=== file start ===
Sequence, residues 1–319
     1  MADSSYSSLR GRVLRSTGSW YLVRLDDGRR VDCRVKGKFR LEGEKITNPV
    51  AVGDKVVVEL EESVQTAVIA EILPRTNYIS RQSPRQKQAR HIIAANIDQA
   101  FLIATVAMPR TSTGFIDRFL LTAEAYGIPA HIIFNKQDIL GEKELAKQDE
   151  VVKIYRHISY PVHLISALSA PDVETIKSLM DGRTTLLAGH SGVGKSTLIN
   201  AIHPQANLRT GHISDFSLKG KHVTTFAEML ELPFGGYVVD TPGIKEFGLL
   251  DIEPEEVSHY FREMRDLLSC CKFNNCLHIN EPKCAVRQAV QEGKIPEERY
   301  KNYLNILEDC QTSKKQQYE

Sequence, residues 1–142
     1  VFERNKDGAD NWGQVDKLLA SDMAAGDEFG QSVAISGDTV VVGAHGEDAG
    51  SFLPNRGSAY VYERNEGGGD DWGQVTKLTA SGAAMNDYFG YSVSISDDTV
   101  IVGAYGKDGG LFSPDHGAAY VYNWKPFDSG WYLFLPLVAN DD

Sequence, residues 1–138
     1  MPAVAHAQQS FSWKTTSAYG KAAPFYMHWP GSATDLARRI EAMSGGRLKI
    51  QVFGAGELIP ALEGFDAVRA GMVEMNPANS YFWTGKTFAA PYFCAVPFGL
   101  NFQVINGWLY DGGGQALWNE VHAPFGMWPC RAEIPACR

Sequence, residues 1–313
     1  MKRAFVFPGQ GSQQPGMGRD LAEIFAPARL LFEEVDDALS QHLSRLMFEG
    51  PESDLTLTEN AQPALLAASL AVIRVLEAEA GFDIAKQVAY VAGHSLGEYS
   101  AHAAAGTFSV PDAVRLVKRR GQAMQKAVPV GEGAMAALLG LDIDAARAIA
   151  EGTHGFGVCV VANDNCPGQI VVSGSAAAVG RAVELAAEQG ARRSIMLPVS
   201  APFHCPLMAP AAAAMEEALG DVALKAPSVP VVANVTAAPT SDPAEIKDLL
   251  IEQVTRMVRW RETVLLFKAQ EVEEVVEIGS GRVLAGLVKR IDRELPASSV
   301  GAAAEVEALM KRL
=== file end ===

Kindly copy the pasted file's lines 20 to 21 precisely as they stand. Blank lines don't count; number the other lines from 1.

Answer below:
   101  AHAAAGTFSV PDAVRLVKRR GQAMQKAVPV GEGAMAALLG LDIDAARAIA
   151  EGTHGFGVCV VANDNCPGQI VVSGSAAAVG RAVELAAEQG ARRSIMLPVS